Kaspersky spots patched Microsoft Office vulnerability risk

Cronrat strikes Linux

Kaspersky has discovered a number of criminals are still taking advantage of weakness in Microsoft Office that has been patched by the company but hasn't been applied to all machines.

Hacker groups including Platinum, APT16, EvilPost, SPIVY and newly uncovered collective Danti have used the exploit for the CVE-2015-2545 vulnerability recently, targeting computers that haven't installed the patch.

The exploit allows cyber-espionage groups and cybercriminals to infect machines with malware rather than utilising zero-day vulnerabilities. Using the new method is cheaper than older techniques that required more time to discover the weaknesses, yet offers the same rate of infection, the report revealed.

In particular, the CVE-2015-2545 vulnerability allows an attacker to execute code using an EPS image file sent via a phishing email, which looks totally harmless. It apparently uses the PostScript technique evading Windows' Address Space Layout Randomisation (ASLR) and Data Execution Prevention (DEP) protection methods integrated into the system.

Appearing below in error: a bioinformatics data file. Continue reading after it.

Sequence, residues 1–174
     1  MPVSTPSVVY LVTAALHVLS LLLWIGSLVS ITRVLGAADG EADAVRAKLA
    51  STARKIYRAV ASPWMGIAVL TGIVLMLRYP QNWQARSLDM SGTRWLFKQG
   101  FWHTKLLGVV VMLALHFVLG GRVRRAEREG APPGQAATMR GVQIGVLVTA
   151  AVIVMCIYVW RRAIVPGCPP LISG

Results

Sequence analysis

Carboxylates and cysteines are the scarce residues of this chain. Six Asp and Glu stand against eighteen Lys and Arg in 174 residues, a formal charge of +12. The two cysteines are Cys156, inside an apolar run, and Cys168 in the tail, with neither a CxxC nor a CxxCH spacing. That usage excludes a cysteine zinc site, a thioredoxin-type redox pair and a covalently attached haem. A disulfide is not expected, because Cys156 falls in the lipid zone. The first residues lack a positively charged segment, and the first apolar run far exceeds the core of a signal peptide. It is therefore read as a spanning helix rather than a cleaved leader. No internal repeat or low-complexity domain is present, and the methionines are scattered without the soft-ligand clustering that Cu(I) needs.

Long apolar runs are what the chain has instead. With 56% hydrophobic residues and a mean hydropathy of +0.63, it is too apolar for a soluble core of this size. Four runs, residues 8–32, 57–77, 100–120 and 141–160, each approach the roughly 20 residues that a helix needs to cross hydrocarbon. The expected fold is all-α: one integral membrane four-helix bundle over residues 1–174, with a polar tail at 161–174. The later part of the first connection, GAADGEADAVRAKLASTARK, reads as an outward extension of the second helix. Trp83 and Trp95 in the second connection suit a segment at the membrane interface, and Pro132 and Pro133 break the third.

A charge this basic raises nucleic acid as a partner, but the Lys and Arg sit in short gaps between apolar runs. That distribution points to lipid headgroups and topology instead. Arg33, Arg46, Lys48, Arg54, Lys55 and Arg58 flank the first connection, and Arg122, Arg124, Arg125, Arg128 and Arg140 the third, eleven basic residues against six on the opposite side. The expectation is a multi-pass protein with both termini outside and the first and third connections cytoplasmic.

Danti, in particular, is spreading the malware by sending out phishing emails posing as high-ranking Indian officials. Once the vulnerability has been exploited, the Danti backdoor is installed, allowing hackers to uncover sensitive data on the victim's machine.

"We expect to see more incidents with this exploit, and we continue to monitor new waves of attacks and the potential relationship with other attacks in the region," Alex Gostev, Chief Security Expert at Kaspersky Lab Research Center in APAC said.

"Waves of attacks conducted with the help of just one vulnerability suggests two things: firstly, that threat actors tend not to invest many resources into the development of sophisticated tools, like zero-day exploits, when 1-day exploits will work almost as well. Secondly, that the patch-adoption rate in the target companies and government organisations is low."

The company advised businesses to ensure they take notice of patch-management in their IT infrastructure to ensure they're protected against such vulnerabilities before they become a threat.

Clare Hopping
Freelance writer

Clare is the founder of Blue Cactus Digital, a digital marketing company that helps ethical and sustainability-focused businesses grow their customer base.

Prior to becoming a marketer, Clare was a journalist, working at a range of mobile device-focused outlets including Know Your Mobile before moving into freelance life.

As a freelance writer, she drew on her expertise in mobility to write features and guides for ITPro, as well as regularly writing news stories on a wide range of topics.